Most thylakoid trials have shown improved satiety, but the real test is weight loss. Researchers in Sweden randomized overweight women to blended blueberry drinks every morning with or without “green-plant membranes” (in other words, just covertly slipping them some powdered spinach), and they get a boost in appetite-suppressing hormones, and a decreased urge for sweets. Yes indeed, spinach can cut your urge for chocolate. Check this out: seven hours after eating spinach, you’re like, chocolate? Eh. Got any more spinach? And…boom, accelerated weight loss, all thanks to eating green—the actual green itself—the chlorophyll-packed membranes in the leaves.
Within 12 weeks, the women who were slipped spinach lost 11 pounds––significantly more than the control group. And, as a bonus, their LDL cholesterol dropped too, even before the weight loss started kicking in. If you instead fix their calorie intake to force the same weight loss, those randomized to the spinach group may have had an easier time with eating less––experiencing less hunger after a test meal after weeks eating green.
Extracts of spinach were used in these studies so they could create convincing placebos, but you can get just as many thylakoids eating about a half cup of cooked greens, which is what I recommend people eat at least two times a day in my Daily Dozen checklist of all the healthiest of healthy things I encourage people to try to fit into their daily routine.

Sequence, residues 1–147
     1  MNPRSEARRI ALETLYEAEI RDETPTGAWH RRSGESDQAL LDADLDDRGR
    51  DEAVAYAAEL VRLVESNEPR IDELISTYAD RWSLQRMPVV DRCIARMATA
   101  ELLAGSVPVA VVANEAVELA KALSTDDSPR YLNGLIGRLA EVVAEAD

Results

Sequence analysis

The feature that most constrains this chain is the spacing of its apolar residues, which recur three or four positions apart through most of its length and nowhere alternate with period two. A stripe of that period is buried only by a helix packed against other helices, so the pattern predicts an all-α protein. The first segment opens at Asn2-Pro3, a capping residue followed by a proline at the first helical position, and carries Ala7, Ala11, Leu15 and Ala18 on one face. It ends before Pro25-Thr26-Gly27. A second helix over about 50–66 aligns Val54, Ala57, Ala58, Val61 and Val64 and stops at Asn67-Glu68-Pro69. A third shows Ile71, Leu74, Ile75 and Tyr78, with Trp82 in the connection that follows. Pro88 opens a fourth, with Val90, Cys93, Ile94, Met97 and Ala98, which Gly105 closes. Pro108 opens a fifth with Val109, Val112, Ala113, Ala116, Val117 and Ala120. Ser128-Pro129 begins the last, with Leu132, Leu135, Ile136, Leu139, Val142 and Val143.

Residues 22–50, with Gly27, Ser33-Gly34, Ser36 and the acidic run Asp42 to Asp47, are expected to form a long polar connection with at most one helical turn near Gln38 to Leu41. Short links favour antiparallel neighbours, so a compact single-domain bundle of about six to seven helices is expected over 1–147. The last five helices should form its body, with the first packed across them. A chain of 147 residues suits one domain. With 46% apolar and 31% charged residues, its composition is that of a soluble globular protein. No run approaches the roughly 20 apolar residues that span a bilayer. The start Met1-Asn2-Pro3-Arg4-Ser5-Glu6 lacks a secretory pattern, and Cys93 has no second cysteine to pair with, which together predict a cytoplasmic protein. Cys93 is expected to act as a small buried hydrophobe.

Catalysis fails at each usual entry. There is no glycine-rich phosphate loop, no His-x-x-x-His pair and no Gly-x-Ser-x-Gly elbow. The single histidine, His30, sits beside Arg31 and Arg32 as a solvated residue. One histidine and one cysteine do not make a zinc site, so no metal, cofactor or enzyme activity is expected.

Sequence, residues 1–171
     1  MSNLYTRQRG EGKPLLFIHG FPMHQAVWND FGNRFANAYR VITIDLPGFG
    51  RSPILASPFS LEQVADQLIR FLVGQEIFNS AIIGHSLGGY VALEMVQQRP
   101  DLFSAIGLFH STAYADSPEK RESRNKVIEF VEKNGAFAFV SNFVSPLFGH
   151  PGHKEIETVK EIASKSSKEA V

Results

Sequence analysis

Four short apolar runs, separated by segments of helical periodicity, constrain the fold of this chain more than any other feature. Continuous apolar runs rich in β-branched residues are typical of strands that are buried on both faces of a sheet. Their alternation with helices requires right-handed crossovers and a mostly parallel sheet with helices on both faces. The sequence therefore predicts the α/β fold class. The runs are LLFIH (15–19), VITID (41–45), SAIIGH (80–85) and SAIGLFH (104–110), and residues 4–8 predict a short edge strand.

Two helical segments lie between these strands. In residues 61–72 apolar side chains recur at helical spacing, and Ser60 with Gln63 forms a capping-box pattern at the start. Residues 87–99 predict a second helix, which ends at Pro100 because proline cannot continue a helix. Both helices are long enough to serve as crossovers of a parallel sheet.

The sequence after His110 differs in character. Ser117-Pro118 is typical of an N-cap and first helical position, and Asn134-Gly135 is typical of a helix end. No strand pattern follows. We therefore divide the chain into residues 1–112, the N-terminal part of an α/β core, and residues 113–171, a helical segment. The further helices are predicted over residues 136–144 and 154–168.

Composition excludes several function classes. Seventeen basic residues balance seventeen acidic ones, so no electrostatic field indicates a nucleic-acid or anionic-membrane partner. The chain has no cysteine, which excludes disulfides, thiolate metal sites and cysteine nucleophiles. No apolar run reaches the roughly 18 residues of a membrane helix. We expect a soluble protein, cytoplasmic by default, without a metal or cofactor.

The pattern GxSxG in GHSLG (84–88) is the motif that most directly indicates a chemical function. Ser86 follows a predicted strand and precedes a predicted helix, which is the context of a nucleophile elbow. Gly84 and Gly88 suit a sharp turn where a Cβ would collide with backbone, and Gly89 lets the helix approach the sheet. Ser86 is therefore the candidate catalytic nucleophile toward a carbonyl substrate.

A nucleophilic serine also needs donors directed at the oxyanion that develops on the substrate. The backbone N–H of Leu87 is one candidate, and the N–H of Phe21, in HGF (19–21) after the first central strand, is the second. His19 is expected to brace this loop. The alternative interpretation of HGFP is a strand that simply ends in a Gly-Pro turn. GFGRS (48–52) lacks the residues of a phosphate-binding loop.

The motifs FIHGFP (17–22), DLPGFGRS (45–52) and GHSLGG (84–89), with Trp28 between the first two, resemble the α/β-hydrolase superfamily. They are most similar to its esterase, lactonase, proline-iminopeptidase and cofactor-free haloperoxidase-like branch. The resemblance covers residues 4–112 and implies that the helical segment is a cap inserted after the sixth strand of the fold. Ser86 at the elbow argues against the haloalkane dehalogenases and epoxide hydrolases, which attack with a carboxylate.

Which greens have the most? You can tell just by looking at them. Because thylakoids are where the chlorophyll is, the greener the leaves, the more potent the effect. So go for the darkest green greens you can find, which in my area is the lacinato or dinosaur kale.
What happens when you cook greens? Blanched for 15 seconds or so in steaming or boiling water, they actually get brighter green. But then if you cook them too long, they eventually turn a drab olive brown. When you overcook greens, the thylakoids physically degrade, along with their ability to inhibit lipase. But within that first minute or so, when the green gets even more vibrant, there’s a slight boost in fat-blocking ability. So, you can gauge thylakoid activity in both the grocery store and the kitchen with your own two eyes.
The best green vegetable, though, and the best way to cook it, is whichever and however you’ll end up eating the most. We have been chewing on leaves for millions of years, but today the greenest thing about some people’s diets may be a St. Patty’s Day pint. Americans have averaged less than two grams of spinach a day, less than half a teaspoon. Your body was designed to have thylakoids passing through your system on a daily basis; so, the delay in fat absorption can be thought of as the default, normal state. It’s only when we eat greens-deficient diets that the accelerated fat digestion undercuts our natural satiety mechanisms. In the Journal of the Society of Chemical Industry, a group of food technologists argued that given their fat-blocking benefits, “thylakoid membranes could be incorporated in functional foods as a new promising appetite-reducing ingredient.” Or you can just get them the way Mother Nature intended.